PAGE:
Lost in Amsterdam!

I’ve been in Amsterdam 4 or 5 times while I was in Erasmus and I’m still not tired to visit this amazing city. It’s the capital, a big city able to offer everything you are looking for: culture, entertainment, shopping and beautiful sceneries. Chaotic with its streets filled with hordes of tourists and residents by bike, but despite that, the city still has preserved its romantic and poetic atmosphere. From the very first moment I was fascinated by the beauty of this city and its streets in which I had the pleasure of getting lost again and again. Every time I get lost I always find little spots in which I can enjoy a cup of tea and eat a pastry for some refreshment. I love getting lost, especially in cities such as Amsterdam.

My first time in Amsterdam was with Lisa, my roommate who is really crazy about teas, even more than I am, and Aurora, a fellow university friend who came to visit us and spend a few days in the Netherlands. As soon as we arrived in Amsterdam Central Station in about 50 minutes by train from Den Haag, we got so excited and we were gobsmacked: a long wide avenue full of souvenir shops, offices that organize tours around the city and a thousand other things that were just waiting for us. We kept on walking on this main road, Damrak, and we arrived in Dam Square, the real heart of Amsterdam. Here, in addition to Madame Tussaud’s, which I personally do not care much about, there are a very high obelisk dedicated to the fallen of World War II, the imposing Royal Palace (occasionally used by the royal family) and on the side instead there is the Nieuwe Kerk, in Gothic style as usual, finally the Bijenkorf a huge luxury mall just like Harrod’s (I’m still too poor to be able to even get in).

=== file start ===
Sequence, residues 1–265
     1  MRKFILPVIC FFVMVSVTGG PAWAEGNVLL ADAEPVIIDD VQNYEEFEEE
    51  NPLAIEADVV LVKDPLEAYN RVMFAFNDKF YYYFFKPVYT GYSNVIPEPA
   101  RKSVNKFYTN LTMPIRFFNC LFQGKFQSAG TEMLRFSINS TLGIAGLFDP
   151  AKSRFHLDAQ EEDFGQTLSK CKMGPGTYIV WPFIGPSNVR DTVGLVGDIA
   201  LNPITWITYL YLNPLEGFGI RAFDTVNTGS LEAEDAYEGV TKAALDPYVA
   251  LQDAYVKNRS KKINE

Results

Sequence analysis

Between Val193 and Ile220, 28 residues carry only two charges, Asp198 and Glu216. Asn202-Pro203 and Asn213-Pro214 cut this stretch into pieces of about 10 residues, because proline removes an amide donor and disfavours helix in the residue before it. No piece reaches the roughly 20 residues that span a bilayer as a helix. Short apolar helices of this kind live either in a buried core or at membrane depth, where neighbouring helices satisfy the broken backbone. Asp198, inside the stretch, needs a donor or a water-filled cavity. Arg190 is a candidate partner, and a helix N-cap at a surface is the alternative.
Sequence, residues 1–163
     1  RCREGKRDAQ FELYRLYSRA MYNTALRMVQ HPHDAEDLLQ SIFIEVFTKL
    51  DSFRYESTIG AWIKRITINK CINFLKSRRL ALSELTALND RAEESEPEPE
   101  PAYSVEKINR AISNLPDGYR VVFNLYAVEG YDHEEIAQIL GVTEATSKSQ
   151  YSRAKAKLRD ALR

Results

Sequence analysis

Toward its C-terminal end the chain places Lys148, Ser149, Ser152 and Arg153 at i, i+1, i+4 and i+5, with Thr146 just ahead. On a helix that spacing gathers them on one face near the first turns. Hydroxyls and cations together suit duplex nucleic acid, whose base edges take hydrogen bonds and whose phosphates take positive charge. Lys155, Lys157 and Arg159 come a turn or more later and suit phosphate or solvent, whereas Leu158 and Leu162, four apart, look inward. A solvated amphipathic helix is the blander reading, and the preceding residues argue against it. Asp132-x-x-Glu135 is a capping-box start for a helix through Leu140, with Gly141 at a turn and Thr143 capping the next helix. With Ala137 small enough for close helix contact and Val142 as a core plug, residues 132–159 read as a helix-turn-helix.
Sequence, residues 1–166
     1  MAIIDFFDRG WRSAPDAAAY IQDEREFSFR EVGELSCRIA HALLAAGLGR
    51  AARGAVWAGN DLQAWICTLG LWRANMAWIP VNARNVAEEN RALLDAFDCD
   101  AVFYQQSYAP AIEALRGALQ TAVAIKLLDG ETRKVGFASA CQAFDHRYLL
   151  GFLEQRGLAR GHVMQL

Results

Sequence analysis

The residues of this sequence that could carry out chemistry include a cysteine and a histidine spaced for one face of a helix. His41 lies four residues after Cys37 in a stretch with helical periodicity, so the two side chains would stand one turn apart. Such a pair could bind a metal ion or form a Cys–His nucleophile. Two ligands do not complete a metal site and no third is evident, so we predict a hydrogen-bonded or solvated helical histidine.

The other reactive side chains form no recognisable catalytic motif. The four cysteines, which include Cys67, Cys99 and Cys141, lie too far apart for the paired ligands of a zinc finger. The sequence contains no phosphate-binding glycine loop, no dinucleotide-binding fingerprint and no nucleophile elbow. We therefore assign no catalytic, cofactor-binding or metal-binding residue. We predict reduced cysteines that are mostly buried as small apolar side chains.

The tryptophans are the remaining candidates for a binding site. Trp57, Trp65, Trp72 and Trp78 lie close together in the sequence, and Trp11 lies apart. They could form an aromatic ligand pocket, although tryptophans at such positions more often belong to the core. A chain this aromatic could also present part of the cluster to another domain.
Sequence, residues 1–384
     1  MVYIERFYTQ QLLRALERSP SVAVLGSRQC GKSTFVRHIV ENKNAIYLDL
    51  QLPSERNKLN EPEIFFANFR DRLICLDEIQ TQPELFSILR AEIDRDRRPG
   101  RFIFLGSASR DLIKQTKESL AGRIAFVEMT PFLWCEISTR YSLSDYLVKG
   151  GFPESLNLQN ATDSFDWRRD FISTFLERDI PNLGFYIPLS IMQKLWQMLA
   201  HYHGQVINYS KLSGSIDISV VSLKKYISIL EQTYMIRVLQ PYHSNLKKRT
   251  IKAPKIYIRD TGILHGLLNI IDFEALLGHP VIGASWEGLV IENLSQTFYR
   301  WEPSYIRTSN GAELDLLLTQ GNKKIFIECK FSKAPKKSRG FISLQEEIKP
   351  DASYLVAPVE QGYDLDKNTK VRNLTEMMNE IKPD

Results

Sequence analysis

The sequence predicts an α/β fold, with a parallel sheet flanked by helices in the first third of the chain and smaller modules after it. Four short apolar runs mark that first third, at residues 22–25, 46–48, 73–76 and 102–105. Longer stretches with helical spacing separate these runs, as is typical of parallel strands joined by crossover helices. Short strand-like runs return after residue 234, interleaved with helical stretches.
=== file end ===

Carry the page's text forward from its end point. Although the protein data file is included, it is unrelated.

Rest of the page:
I love art, museums and galleries so I couldn’t miss the Van Gogh Musuem! Tip: buy the tickets online, you will avoid an endless queue to get in. Once we were in, we left our bags and coats in the cloakroom, we took our guide book and we started the tour. I have to say that Van Gogh is not among my favorite painters, but I was astonished in front of Vincent’s Sunflowers. The museum itself is well organized even if unfortunately the most beautiful works by Vincent are located elsewhere. What a shame! I personally think that the paintings of a certain artist should stay in his/her native country. Give us back the Gioconda.